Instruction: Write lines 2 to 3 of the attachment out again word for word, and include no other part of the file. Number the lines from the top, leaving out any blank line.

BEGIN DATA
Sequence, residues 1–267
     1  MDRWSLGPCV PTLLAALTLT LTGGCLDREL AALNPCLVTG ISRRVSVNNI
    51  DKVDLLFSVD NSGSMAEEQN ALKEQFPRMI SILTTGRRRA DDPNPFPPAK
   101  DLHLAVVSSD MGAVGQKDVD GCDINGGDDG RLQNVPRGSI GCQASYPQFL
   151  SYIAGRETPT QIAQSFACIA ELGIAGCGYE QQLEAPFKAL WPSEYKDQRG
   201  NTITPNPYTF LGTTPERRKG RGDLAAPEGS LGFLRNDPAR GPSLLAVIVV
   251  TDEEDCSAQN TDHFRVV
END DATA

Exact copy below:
     1  MDRWSLGPCV PTLLAALTLT LTGGCLDREL AALNPCLVTG ISRRVSVNNI
    51  DKVDLLFSVD NSGSMAEEQN ALKEQFPRMI SILTTGRRRA DDPNPFPPAK